On this point, the House Agriculture Committee hosted its own review of the FTX.US proposal two weeks ago, where five CEOs interacted with the 25-plus member agriculture committee in a heated debate. with important exchanges between Bankman-Fried and the CME. Group CEO Terry Duffy and where committee chairman David Scott (D-GA) telegraphed his views to CFTC chairman Benham ahead of last week’s meeting.

Key points of the debate

There were voices that expressed caution and more time to consider the proposal, but as the day progressed the nature of the comments seemed more consistent with the key aspects of the proposal in what could be considered as an auspicious sign when the matter comes to a vote before CFTC commissioners. before the end of summer.

Some of the questions discussed by industry experts included:

  • Who ends up holding the bag? Both competing clearing models have a “cascade” of capital that kicks in during times of very high market turbulence and limited liquidity. The makeup of these models varies widely, with the current system dependent on pooled losses and reserve capital from some 61 firms known as futures commodity merchants (FCMs). Pooled loss is a concept that shares losses if an exchange needs capital because the margin to support a trade becomes insufficient. Conversely, FCMs would be optional under the FTX.US model and Institutional Clearing Members would not be required to participate in a pooled loss situation, as traders’ positions would be marked to market every few seconds and not once a day.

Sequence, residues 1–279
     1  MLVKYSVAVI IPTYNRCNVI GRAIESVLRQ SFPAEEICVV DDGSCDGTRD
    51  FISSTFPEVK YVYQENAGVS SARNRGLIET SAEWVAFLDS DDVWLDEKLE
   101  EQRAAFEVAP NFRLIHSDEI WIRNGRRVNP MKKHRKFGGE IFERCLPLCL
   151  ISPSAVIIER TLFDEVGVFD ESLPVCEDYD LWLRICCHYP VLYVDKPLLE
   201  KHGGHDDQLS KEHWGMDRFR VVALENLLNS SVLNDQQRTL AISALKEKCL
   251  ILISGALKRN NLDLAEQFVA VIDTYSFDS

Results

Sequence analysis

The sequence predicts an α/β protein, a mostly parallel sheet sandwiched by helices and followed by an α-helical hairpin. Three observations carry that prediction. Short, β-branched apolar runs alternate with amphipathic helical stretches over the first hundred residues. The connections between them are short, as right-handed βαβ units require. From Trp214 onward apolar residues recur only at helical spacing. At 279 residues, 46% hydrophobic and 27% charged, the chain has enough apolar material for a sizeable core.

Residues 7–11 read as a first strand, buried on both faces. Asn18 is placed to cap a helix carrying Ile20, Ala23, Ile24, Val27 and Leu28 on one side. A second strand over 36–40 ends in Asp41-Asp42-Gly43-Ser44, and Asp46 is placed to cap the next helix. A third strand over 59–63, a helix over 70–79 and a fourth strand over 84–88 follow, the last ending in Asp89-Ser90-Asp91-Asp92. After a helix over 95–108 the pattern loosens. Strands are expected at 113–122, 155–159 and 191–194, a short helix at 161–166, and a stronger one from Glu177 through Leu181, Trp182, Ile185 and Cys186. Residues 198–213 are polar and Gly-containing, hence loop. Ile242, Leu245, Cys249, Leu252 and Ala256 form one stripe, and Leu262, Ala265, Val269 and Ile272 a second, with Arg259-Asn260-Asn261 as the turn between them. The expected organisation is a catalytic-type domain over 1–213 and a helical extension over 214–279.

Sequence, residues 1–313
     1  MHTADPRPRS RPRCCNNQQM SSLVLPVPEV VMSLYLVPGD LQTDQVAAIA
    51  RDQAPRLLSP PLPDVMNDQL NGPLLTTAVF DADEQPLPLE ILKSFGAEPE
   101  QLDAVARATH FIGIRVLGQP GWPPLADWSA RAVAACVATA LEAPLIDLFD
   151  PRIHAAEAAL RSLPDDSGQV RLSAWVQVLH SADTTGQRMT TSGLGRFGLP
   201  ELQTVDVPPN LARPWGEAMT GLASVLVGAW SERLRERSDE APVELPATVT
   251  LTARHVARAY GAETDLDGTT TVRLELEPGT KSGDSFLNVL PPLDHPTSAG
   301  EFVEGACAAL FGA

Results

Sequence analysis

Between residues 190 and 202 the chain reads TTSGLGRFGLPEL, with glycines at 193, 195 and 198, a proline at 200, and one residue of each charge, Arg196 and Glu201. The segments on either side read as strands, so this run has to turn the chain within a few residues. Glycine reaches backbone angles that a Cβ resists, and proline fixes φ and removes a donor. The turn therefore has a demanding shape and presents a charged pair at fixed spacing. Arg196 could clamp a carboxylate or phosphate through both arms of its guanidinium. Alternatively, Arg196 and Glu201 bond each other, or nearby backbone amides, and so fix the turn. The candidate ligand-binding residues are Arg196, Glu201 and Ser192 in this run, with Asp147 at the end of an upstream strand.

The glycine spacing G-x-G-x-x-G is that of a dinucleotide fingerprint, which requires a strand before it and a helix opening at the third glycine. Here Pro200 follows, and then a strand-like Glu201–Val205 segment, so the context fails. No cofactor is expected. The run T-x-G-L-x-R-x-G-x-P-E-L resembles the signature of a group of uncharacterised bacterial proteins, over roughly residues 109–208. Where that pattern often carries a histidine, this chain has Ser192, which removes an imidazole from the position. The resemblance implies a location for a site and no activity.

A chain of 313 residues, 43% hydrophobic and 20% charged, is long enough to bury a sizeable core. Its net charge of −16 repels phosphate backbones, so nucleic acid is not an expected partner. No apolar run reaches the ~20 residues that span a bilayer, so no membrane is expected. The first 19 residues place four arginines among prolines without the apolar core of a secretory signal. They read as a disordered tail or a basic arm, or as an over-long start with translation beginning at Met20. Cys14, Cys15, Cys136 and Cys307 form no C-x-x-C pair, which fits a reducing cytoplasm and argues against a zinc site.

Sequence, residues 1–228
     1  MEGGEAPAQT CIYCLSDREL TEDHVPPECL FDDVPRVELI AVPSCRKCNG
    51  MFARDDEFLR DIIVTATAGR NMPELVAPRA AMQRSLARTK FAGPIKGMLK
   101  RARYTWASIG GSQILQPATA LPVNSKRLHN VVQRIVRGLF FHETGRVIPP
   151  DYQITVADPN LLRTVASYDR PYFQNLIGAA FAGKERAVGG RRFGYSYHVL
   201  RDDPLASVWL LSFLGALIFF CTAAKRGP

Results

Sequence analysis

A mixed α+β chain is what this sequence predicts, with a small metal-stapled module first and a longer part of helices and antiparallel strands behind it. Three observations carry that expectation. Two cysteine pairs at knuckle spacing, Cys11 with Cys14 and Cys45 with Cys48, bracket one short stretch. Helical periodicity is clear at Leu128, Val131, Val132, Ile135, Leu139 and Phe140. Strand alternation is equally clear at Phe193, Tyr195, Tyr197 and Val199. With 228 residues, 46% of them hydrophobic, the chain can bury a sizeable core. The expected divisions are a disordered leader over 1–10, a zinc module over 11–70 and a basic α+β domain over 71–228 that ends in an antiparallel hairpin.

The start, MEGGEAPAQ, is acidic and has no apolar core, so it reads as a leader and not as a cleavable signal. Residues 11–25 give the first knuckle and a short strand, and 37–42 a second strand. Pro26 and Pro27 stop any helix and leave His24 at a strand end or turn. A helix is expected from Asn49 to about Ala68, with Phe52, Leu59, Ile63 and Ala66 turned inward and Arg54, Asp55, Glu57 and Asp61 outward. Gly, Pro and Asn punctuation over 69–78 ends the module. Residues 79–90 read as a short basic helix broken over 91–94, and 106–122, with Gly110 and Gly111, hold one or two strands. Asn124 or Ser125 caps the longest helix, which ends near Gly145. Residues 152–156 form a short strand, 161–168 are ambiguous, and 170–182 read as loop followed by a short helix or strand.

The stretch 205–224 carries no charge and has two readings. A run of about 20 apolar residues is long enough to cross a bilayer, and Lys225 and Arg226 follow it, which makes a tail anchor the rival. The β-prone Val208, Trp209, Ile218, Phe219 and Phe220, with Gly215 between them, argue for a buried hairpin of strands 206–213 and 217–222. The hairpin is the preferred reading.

• Send money Muy Pronto. Most of the traditional exchanges and FCMs in the room were keen to point out the difference in how the current model allows FCMs to use their balance sheet to give customers credit and time to post more collateral in cases where they are approaching a margin call threshold. The FTX.US model is more automated, which means that trades “automatically liquidate” if there is insufficient margin. Here, traders are responsible for keeping track of the required margin, keeping in mind the need for collateral that might develop while the client is sleeping or on weekends. Bankman-Fried and others acknowledged that while the new model was less convenient, it tackled risk more quickly and stabilized capital for all market participants. They noted that extending credit to margin-strapped participants – as FCMs currently do – could be more costly for all participants if prices start to move in a direction where losses keep increasing. No one knows for sure if prices will return to where they were before the sharp drop. One such incident forced the London Metal Exchange to cancel trades under the traditional netting model in March, illustrating what could go wrong if losing positions were allowed to build.